Life after breast cancer: a story on thriving

Life after breast cancer

“It’s cancer.” I will never forget hearing those two words, what day it was, where I was standing, and who was with me. September 26, 2013, was the day that has forever changed who I am as a person and what my ultimate mission is in my life after breast cancer.

I found my breast cancer myself, despite routine mammograms and more

Prior to my diagnosis, I was happily married with two beautiful daughters. No real complaints or stress in my life. I saw a breast specialist every year for many years, starting at the age of 30. The reason: I had extremely dense breast tissue and a history of chronic benign masses called fibroadenomas. Not only would I have a full breast exam and mammogram, but I also had routine sonograms. The sonogram was a necessary added layer of screening because it was very difficult to see any potential masses on a mammogram.

Breast cancer appears white on a mammogram and so does dense breast tissue. I used to joke that it was like looking for a snowball in a huge pile of snow.

Because of the comprehensive nature of my yearly exams, I always felt confident when I heard my doctor say, “You are good to go! See you in a year.” But something just didn’t add up in 2013. I had been given the A-OK, all clear report early in the year, so I carried on like I normally did. I didn’t routinely do self-check exams, but one day I noticed a lump in my right breast while taking a shower. It was completely by chance, and I am so thankful that I happened to notice it when I did.

Seeing my physician and testing were the longest 24 hours of my life

I stewed over it for a couple of weeks. I finally asked my husband, who is a pediatrician, to feel it. He advised me, as he usually does, to contact my doctor. And so began the longest 24 hours of my life. A sonogram led to a mammogram, which then led to a biopsy, all in a matter of hours. Nothing could have prepared me for the call that came the next day. Invasive Ductal Carcinoma, grade 2, stage unknown at the time. Age 42.

How was this missed only a few short months before? It made no sense to me. The system had failed me. The next week consisted of MRI, CT scan, bone scan… scan after scan in search of evidence of metastasis. I got the “all clear” on everything, but I was not convinced. The system had failed me once already.

Going through surgery and chemo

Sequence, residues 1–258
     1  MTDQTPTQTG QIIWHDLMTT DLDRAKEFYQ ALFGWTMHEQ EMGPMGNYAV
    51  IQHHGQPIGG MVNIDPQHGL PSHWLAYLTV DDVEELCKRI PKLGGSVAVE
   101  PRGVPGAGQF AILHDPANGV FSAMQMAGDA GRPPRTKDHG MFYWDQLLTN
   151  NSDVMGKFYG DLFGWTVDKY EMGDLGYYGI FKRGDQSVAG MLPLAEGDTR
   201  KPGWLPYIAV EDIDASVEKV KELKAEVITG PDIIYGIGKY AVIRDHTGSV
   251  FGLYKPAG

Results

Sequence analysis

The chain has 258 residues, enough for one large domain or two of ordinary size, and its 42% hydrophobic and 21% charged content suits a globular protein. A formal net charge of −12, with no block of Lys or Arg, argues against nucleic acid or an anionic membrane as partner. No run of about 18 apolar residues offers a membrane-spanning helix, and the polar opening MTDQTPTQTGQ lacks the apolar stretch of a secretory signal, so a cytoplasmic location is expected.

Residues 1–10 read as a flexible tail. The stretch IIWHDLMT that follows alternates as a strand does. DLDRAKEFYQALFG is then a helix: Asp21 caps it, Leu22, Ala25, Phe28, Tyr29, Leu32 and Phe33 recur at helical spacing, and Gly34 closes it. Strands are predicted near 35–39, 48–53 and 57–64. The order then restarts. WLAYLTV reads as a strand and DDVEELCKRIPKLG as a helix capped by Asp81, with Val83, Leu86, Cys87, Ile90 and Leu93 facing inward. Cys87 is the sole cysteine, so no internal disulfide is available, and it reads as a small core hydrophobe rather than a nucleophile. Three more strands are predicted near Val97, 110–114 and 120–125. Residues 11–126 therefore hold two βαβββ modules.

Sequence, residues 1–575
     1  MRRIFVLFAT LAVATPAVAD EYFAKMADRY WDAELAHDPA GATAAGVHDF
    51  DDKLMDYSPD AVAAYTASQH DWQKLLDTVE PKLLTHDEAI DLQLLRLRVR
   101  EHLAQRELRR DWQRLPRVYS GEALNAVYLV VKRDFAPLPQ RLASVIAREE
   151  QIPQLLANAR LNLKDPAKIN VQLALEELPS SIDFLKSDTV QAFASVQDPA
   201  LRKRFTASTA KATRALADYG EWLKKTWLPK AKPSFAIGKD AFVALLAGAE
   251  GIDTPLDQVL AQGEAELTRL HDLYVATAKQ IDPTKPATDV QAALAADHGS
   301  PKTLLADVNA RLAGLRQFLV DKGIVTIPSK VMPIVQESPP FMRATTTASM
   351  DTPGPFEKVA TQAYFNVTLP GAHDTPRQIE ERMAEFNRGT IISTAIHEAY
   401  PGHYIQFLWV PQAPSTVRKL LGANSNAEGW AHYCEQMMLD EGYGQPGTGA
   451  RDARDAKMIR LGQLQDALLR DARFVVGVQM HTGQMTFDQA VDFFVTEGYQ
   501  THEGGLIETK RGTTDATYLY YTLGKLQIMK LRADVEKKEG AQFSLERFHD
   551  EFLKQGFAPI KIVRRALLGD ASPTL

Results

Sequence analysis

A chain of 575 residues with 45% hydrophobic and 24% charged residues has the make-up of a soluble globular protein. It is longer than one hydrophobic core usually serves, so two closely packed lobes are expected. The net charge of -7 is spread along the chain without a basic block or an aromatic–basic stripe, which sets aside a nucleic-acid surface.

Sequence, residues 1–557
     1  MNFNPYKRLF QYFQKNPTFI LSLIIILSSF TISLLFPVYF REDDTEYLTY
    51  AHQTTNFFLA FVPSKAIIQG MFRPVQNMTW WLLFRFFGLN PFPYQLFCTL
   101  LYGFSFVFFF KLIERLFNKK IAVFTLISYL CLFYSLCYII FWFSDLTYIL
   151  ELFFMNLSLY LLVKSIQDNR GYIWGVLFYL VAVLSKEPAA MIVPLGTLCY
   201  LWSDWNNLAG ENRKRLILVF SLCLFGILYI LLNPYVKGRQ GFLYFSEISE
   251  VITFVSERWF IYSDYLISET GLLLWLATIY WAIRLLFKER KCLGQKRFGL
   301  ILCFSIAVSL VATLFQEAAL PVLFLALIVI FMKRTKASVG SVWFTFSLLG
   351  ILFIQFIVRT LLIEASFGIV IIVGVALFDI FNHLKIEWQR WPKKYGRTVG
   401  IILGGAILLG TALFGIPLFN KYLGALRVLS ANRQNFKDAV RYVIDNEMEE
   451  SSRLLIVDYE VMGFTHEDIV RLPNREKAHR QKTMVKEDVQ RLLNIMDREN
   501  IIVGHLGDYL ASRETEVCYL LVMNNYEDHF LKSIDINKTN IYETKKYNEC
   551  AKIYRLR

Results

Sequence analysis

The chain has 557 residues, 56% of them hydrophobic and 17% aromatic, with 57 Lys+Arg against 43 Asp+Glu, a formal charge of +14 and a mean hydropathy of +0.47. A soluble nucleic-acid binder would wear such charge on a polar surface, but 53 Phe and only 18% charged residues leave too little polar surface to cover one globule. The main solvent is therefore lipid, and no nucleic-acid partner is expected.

Just a few days after we celebrated our daughter’s Bat Mitzvah, I endured an 8-hour double mastectomy, revealing cancer in 1 out of 12 lymph nodes. I ended up back in the operating room at 3 a.m. due to a hematoma and loss of blood. The trauma was never ending.

Four days and two units of blood later, I got to go home and begin the next leg of my journey, chemotherapy. You would think this would be the worst part of my journey… the hair loss, sickness, fatigue, and stress. But along came the “chemo fairy,” four friends who left me surprise gifts after each chemo treatment. They brought me love, laughter, and light to my darkest days. They turned 16 cancer treatments into 16 birthdays, and I will forever cherish their love and support.

Obsessing over health and finally finding center

While undergoing treatment, I discovered that poor nutrition and lifestyle choices are risk factors for cancer and I wanted to minimize my risk of recurrence and any potential new cancers. I went through a brief period of obsessive dieting, which I now call “food prison.” This eventually took a huge toll on my mind and body. I was doing everything except living life. Constantly, I craved all the foods I had eliminated. All I wanted was to enjoy a nice glass of wine and a juicy steak. I was drunk with envy watching all my friends and family eat the foods that I had deemed unfit for someone with breast cancer.

Over the course of a year, I decided to live in strength rather than to live in fear. No longer did I want food to control me; I wanted to be in control of my choices, my body, my health. I realized that I needed to heal my relationship with food and adopt a “mostly healthy” lifestyle that allowed me to be more flexible with my choices. So, I slowly started re-introducing living back into my life. It was the most liberating experience. After being stuck in food prison for far too long, I discovered that balance and mindset are the keys to a thriving and wellbeing.

Turning life after breast cancer into something to be grateful for

I learned how to eat clean for my unique body, and today I live free of rules and restrictions. In 2018, 5 years after my diagnosis, I turned my passion into my career. I enrolled at the Institute for Integrative Nutrition and became a certified health and nutrition coach. Today, I help women who are stuck in food prison lose weight without giving up their favorite foods.

I am still happily married to the love of my life, and our two daughters have become amazing young women. As a wife, mother and breast cancer thriver, I urge all women to be their own best advocate. If something does not feel right, see your doctor. Get your yearly screenings and do monthly breast self-exams.

I began my breast cancer journey fearful of the unknown and powerless to my fears. But what I gained in the end became a newfound strength and ability to live the life I have chosen for myself after breast cancer.

Andrea Berkowitz, INHC
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